If our system is being transformed in ways that have negative consequences, we need to understand what that might mean for those who are affected so that they can become more informed and can advocate for more participation in personal choices and public processes. The information gathered will be shared with respondents, advocates, public officials using a variety of push techniques. Above all I want it to be accessible and to help us push toward asking the right questions, allocating the right decision resources.
The emerging patterns reflect enough data to support inquiry in several areas:
- Who are the people affected by this problem?
- What are their characteristics?
- What are the characteristics of the context in which this problem is occurring?
- What role do various parts of the system (government, medical professionals, insurers, law enforcement, families, community) serve in contributing to the overall observable problem?
- How should this information inform the decisions we make to manage our systems?
National Pain Report: Final question—it feels to me in reading the conversations that our stories inspire that there are so many things that need to happen–more patient centered care—more access to mental health services–affordability—It feels to me like for the first time in a long time, federal policy makers are beginning to realize “Houston We Have a Problem.” How can we create more momentum around that?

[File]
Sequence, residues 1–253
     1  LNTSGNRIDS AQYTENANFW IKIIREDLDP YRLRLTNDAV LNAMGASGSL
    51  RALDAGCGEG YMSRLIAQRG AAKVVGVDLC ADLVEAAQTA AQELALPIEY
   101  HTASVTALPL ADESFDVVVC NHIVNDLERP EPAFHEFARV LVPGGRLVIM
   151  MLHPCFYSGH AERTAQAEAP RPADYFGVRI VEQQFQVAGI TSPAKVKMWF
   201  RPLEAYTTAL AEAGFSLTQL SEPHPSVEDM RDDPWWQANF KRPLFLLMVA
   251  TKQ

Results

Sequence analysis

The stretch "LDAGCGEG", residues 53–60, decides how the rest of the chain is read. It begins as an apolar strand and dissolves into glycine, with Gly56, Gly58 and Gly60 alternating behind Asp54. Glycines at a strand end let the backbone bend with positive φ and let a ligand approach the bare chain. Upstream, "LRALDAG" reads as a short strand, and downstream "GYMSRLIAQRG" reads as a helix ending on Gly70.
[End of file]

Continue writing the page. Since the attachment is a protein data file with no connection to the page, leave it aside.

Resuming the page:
Dr. Terri Lewis: “The large problem of social justice research in this area is confirming the personal voice. We’ve all been trained to shield our privacy which means we have lots of layers of profoundly ‘ableist’ designs that get in the way of figuring out what we are dealing with. We have to ask ourselves who is affected? How? Are there harms and what kind of harms? What are the systemic barriers that are getting in the way of choice-making and control of personal resources? What works and what doesn’t work? What other actions influence outcomes of decisions made within multiple political processes? How can we use this information to inform public policy decisions while breaking down faulty beliefs? Person centered policy requires us to ask these questions and design systems which continuously assert the rights of full participation by persons who are most affected by the outcomes.
Importantly, how does the individual with limited resources influences processes in their own communities using the tools at their disposal? They can do this with their voices and by working with others who share their needs and concerns. They have to be informed, they need to understand that they can make a difference by speaking out and by giving notice that they expect to participate and to be accounted for.
I’m really excited by the people who have responded to this tool. They are frustrated, brave, and have just had enough. They seem to fully understand that their future and the future of their children are in serious trouble. This is moving them to action. And we need to magnify their voices.
I’m in the same boat. It has moved me to this course of action. So I intend to keep paddling. The alternative is to do nothing, and that makes no sense to me.”